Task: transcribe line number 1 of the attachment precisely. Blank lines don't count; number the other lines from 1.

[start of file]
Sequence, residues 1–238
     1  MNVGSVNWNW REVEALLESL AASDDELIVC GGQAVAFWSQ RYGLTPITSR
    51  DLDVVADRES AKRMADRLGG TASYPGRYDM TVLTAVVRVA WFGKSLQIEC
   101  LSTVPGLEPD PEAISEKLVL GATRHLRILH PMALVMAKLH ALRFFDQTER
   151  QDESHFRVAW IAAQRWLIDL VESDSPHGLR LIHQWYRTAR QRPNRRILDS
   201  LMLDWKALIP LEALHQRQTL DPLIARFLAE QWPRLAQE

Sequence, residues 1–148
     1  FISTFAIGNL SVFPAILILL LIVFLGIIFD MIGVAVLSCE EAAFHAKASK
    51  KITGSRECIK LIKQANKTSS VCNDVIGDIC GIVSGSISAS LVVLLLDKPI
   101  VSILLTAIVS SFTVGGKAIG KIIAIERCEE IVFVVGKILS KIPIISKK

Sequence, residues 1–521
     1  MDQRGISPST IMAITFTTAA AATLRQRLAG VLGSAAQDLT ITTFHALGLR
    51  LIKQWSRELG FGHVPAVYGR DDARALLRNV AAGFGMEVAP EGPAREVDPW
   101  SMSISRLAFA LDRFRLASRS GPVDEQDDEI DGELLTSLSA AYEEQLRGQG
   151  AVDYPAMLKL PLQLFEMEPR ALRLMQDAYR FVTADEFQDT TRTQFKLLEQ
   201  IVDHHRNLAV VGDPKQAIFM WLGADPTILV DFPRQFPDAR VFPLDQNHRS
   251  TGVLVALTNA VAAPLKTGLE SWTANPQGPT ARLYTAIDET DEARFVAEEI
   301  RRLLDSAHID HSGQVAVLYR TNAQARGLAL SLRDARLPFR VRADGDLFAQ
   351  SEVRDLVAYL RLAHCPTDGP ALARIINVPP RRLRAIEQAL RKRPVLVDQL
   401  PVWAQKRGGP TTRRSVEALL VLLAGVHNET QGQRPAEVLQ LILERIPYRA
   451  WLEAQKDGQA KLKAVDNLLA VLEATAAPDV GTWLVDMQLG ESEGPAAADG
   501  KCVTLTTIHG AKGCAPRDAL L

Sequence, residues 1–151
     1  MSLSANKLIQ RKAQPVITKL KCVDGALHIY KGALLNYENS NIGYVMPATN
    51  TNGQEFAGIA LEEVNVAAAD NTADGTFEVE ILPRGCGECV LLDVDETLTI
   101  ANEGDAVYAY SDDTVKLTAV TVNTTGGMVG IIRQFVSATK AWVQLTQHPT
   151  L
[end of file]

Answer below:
Sequence, residues 1–238